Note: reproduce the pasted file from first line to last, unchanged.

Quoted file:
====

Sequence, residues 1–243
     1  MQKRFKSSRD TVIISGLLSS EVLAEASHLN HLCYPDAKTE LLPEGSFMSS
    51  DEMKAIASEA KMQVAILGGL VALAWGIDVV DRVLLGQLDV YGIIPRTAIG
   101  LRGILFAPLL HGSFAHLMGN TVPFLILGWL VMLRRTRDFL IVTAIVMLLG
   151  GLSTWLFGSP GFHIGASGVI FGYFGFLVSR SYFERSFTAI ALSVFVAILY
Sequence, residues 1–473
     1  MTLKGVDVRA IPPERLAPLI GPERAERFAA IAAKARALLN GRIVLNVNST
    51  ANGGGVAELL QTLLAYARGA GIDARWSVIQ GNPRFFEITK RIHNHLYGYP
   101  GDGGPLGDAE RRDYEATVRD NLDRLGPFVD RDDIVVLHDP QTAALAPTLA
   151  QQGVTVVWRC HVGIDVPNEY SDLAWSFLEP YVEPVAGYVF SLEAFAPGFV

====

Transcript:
Sequence, residues 1–243
     1  MQKRFKSSRD TVIISGLLSS EVLAEASHLN HLCYPDAKTE LLPEGSFMSS
    51  DEMKAIASEA KMQVAILGGL VALAWGIDVV DRVLLGQLDV YGIIPRTAIG
   101  LRGILFAPLL HGSFAHLMGN TVPFLILGWL VMLRRTRDFL IVTAIVMLLG
   151  GLSTWLFGSP GFHIGASGVI FGYFGFLVSR SYFERSFTAI ALSVFVAILY
Sequence, residues 1–473
     1  MTLKGVDVRA IPPERLAPLI GPERAERFAA IAAKARALLN GRIVLNVNST
    51  ANGGGVAELL QTLLAYARGA GIDARWSVIQ GNPRFFEITK RIHNHLYGYP
   101  GDGGPLGDAE RRDYEATVRD NLDRLGPFVD RDDIVVLHDP QTAALAPTLA
   151  QQGVTVVWRC HVGIDVPNEY SDLAWSFLEP YVEPVAGYVF SLEAFAPGFV